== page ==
UNL-East-Union-self-service-bar.JPG UNL Dining
The self-serve salad bar at the University of Nebraska’s East Union building allows customers to customize their meals.

University of Nebraska-Lincoln’s new residential dining center doubles as a retail food court

The new dining center in the University of Nebraska-Lincoln’s East Union simultaneously serves as the all-you-care-to-eat dining hall for a nearby 380-bed residence hall and as an a la carte food court for the rest of campus.

In mid-November, the University of Nebraska at Lincoln (UNL) debuted its new East Campus dining center in its East Union building. The venue is rather unique for college dining services in that it simultaneously operates as an all-you-care-to-eat (AYCTE) residential dining hall serving a nearby 380-bed residence hall and as a retail food court with a la carte pricing for students not using residential meal plans.

UNL-East-Union-seating-area.jpgPhoto: After passing through checkout, diners can either eat in the adjacent seating area or have their selections packed up for take-away. 

Credit: UNL Dining

A dual-purpose retail/AYCTE campus dining facility is not unprecedented, but such venues usually have separate hours for when they operate in the different formats—usually retail during the day and AYCTE for dinner—but Dave Annis, executive director of campus dining at UNL, says this was the right way to go because of the location.

“The East Campus is rather small,” he explains. “We have one residence hall on that campus and it needed a dining center, so when they built it, they just used [an existing] dining center that was in the Union because there wasn’t enough population or density there to build a [separate] dining center in the residence hall and [still have] a food court in the Union.”

That previous dining center, located on the building’s second floor but now closed, was fairly limited and offered only AYCTE dining, with non-meal-plan customers paying a set entry price at the door.

The new, larger dining center, located in a first-floor space previously containing storage areas and meeting rooms, now offers a more elegant, if a bit more complicated, alternative. All students are free to enter the servery area, where they are greeted by an array of food stations where they make their choices before heading to the checkout. Selections can be served either on plates for eating in the adjacent seating area or packed for takeaway.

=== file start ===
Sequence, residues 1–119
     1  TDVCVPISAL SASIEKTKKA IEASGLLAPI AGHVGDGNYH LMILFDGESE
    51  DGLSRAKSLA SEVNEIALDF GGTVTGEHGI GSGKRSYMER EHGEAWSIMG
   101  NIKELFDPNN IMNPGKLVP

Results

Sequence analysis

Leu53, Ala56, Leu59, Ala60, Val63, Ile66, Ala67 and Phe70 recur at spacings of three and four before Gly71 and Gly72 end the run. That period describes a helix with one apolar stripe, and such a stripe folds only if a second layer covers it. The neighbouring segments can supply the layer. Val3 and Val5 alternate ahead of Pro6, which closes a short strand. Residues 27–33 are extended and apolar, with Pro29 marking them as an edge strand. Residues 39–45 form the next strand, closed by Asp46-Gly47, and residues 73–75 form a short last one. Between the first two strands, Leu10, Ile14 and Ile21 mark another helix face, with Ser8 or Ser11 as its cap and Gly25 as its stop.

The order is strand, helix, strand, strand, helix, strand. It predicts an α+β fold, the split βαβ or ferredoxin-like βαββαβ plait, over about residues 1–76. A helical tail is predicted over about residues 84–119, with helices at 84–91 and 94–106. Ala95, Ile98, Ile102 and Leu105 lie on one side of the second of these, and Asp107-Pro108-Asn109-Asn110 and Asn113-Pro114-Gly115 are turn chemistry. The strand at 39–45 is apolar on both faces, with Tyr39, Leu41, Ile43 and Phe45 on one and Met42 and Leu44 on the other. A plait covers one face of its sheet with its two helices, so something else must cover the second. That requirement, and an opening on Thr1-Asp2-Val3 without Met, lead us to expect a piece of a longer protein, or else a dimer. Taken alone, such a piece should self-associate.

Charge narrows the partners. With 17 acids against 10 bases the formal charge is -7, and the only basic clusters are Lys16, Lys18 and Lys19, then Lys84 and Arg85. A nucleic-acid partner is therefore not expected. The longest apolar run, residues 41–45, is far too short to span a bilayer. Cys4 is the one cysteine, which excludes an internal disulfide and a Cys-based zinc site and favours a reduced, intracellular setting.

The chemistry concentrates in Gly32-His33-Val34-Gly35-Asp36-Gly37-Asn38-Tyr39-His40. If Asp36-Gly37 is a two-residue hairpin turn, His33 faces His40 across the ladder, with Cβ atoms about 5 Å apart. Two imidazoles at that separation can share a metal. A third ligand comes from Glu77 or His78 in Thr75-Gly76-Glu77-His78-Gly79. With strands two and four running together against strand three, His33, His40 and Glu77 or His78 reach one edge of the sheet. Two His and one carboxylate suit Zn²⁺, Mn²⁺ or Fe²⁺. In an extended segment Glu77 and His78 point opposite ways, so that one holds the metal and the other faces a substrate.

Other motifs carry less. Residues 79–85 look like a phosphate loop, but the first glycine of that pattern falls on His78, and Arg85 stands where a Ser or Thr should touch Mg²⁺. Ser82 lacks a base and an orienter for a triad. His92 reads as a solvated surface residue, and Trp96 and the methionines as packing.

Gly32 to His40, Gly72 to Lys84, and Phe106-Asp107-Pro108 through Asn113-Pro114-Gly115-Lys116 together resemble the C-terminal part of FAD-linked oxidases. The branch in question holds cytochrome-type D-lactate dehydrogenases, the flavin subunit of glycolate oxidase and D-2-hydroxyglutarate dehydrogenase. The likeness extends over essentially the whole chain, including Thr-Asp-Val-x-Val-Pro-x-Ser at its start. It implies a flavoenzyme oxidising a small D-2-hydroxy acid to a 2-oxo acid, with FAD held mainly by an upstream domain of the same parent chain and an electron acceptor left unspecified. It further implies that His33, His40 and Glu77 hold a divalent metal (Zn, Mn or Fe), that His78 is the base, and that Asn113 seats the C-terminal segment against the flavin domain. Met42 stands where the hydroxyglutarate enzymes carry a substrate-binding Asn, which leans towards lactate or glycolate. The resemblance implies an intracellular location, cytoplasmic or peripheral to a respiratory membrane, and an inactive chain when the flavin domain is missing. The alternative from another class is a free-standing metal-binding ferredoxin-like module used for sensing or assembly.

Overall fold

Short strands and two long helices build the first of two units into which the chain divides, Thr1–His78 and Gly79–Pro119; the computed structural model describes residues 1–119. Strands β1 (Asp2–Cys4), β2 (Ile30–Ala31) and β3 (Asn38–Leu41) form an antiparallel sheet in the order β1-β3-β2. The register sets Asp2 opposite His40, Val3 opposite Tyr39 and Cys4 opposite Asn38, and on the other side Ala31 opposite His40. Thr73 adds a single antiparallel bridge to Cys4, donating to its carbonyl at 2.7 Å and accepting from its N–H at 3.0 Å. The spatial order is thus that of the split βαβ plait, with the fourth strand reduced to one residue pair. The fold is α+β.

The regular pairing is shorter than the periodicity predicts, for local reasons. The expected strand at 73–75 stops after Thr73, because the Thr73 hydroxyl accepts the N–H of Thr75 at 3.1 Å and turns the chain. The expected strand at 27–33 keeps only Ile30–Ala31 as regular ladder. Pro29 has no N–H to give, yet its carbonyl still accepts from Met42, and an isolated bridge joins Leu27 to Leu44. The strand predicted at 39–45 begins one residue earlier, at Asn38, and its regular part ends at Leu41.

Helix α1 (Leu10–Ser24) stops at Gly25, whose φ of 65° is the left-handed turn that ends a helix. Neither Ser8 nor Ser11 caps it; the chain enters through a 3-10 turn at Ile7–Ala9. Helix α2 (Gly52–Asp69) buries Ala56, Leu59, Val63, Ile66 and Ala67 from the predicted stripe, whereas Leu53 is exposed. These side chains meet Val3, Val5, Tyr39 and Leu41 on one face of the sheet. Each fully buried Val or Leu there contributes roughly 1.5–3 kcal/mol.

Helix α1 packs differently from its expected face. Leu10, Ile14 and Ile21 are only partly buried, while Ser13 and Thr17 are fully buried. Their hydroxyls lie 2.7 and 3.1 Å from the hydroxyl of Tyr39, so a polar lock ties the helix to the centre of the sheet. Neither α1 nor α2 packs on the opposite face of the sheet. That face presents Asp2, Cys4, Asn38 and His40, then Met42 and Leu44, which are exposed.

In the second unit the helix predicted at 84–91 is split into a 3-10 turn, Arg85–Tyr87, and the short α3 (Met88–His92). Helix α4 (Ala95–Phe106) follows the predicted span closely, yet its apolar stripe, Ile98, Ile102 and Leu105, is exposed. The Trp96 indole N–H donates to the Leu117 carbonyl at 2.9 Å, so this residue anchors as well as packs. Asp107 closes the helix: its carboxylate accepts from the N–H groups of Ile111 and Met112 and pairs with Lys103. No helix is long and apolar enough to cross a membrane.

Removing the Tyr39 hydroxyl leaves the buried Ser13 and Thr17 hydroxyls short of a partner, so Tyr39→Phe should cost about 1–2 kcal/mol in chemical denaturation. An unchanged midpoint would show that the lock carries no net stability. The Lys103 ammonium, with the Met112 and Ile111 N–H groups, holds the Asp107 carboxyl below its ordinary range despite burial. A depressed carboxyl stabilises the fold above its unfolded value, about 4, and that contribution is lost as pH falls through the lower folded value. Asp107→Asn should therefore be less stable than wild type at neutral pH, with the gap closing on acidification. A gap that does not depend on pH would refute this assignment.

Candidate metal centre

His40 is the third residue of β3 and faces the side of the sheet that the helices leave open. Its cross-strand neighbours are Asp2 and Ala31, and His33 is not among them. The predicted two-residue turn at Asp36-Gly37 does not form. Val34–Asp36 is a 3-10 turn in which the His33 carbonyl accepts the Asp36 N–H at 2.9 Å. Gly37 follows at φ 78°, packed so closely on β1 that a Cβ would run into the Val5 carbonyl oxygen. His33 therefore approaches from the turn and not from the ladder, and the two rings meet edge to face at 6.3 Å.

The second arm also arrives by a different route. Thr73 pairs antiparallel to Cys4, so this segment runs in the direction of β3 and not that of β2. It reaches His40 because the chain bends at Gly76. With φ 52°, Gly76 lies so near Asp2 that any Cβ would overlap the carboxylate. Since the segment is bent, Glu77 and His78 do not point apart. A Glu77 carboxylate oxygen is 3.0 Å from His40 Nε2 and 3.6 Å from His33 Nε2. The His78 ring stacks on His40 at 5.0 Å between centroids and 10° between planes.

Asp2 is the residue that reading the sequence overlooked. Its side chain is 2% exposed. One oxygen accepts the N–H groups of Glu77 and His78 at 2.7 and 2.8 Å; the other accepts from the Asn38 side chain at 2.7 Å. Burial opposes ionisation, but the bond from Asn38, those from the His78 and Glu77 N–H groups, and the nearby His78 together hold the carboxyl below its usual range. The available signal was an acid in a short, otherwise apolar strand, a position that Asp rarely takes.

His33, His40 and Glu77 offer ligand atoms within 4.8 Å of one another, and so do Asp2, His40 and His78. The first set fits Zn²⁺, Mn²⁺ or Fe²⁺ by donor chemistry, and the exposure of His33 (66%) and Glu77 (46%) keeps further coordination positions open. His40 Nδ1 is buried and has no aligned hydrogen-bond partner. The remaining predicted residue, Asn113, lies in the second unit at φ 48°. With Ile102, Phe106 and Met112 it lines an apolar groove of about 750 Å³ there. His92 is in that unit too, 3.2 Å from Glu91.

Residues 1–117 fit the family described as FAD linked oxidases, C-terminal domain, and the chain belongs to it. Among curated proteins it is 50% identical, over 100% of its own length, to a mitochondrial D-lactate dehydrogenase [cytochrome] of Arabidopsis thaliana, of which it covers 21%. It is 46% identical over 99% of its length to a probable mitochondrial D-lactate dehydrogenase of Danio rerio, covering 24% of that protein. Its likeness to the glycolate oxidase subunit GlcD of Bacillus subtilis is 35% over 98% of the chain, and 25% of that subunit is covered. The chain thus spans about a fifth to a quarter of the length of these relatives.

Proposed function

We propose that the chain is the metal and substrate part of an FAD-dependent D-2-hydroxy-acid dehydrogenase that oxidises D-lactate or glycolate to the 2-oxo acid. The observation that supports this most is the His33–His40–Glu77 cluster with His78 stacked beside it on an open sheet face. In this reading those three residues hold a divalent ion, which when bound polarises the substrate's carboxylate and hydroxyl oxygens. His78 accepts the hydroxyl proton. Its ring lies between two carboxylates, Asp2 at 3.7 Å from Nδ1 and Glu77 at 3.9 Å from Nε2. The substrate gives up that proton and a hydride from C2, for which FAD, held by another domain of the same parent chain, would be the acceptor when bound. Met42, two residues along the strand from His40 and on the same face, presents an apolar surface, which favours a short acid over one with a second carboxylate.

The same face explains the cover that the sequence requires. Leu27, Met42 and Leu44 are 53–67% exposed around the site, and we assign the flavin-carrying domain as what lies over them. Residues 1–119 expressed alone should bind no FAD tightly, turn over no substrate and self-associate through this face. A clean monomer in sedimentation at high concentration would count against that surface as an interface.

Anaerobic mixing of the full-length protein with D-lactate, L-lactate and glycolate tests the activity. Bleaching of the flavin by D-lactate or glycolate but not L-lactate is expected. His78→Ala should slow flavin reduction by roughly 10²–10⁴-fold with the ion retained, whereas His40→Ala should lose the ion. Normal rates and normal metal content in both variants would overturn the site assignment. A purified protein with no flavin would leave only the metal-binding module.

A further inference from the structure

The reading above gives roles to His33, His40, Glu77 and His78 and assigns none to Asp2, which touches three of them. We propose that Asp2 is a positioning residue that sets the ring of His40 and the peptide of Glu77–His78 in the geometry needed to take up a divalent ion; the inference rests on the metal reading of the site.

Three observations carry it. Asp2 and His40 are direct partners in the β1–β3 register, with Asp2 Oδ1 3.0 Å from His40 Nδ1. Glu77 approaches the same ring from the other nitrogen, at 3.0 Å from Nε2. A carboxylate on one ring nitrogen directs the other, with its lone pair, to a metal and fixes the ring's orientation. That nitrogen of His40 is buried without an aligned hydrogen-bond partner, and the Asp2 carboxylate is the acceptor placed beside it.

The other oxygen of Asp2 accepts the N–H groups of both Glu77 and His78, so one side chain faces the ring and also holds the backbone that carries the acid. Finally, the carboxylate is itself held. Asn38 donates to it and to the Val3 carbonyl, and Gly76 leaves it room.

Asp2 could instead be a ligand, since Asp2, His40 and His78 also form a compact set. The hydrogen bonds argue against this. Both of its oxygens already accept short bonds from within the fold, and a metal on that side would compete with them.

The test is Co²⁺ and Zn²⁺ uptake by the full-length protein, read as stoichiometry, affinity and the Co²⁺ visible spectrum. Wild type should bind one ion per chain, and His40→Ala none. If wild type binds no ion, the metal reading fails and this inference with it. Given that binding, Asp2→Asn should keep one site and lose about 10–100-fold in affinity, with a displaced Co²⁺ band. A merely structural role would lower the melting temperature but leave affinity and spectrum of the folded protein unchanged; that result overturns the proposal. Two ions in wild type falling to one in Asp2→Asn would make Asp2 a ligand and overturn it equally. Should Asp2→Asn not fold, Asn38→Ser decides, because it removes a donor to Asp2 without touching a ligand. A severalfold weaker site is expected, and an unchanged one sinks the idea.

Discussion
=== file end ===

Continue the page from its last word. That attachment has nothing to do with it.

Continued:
“For the [AYCTE students], they just swipe their card and walk out no matter how much food they have, and they can also come back in because with their all-access plan because they can run their card every five minutes,” Annis explains. For the others, “almost everything is priced a la carte, so a cash customer gets what they want and then pays the cash price for what they take.”

UNL DiningUNL-East-Union-dining-cash-customers.jpg

Non-meal-plan customers pay a la carte for their selections in the East Union dining center, including a uniform 49 cents a pound at the self-service bars.

For self-service lines like the salad bar and the hot bar, pricing is determined by weight at a uniform 49 cents an ounce. Annis says that’s more practical that trying to sort out what came from which bar when customers typically mix and match ingredients—taking chicken nuggets from the hot bar to top a salad from the salad bar, for example.

Customers can enter the servery as often as they want because they have to check out after every trip, where meal plan holders are validated, and cash customers pay for each trip’s selections.

The servery has five food stations plus dessert and beverage areas. They include a grill, a deli, a salad bar, an international foods station and a traditional entrée station. Hours are 7 a.m. to 7:30 p.m. every day.

According to Annis, most of the initial confusion about how the venue now operates seemed to come from faculty and staff, who were used to the older dining facility in the building with its set entry price.

“The first couple days we had people coming through after filling up their containers, then get to the register, get it weighed, and have it priced out at like $17,” Annis says. “So we had a grace period because we didn’t want to hit people who were used to paying $10 now having to pay $17.”

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